Restaurants in West Village
Easy to miss, this unassuming West Village restaurant is located inside an unmarked, 100-year-old brownstone. After entering through the dimly lit basement, diners step upstairs to the intimate, candle-lit dining room that feels reminiscent of a dinner party.
Zak Pelaccio is a shaggy, pork-loving genius whose food takes elements of laid-back locavorism, the slow-smoke traditions of southern BBQ, and the sweet, spicy, fermented goodness of Southeast Asia and cobbles together a witty, funky, and yes, deliciously fatty style all his own.
Styled after a country estate, restaurateur Keith McNally’s Waverly Place trattoria frames its rustic furnishings—farmhouse-style tables and chairs and old wooden cabinets—within a space that features weathered brick columns and wooden ceiling beams warmly illuminated by candlestick-shade chandel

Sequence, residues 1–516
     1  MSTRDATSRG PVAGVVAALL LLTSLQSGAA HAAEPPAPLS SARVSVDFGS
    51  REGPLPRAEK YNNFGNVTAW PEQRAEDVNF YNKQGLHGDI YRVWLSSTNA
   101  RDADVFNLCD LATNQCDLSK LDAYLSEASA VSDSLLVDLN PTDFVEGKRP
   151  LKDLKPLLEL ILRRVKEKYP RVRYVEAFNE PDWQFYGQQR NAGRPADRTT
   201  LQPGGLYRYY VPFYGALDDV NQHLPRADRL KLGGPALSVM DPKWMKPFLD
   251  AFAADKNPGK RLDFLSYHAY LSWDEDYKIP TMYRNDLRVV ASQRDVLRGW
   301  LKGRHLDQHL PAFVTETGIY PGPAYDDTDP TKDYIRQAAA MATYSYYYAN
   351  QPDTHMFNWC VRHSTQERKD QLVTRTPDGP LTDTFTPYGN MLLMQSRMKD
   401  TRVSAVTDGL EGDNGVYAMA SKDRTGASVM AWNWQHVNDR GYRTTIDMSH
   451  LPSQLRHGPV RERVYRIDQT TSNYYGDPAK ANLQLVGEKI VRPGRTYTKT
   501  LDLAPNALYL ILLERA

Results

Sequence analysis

Inspired by her childhood summers spent in Maine, chef Rebecca Charles opened Pearl Oyster Bar in 1999 after noticing the absence of fresh lobster rolls on New York’s culinary scene.
Few chefs have racked up as many accolades as Babbo’s Mario Batali.
In the heart of NYC’s Greenwich Village sits this neighborhood favorite. Established in 1977, Knickerbocker Bar & Grill features wood-paneled walls filled with memorabilia like original caricatures by Al Hirschfield and copies of the Saturday Evening Post.
Inspired by the eponymous Milanese café established in the 1930’s, Sant Ambroeus serves authentic Italian fare for breakfast, lunch, and dinner.
Join the Third Wave of the New York coffee revolution. Joe the Art of Coffee cafe in the East Village is placing NYC on the map for top quality coffee.
Joe Campanale seems too young to have been a sommelier at Babbo—he’s 24—but his Joe Campanale seems too young to have been a sommelier at Babbo—he’s 24—but his smart Italian wine list and herbal-infused cocktails at this always-packed new restaurant prove otherwise. Drinks $15.
More than 900 bottles of fine spirits, including the city’s largest scotch collection, line the backlit “bookshelves” at this Tribeca lounge.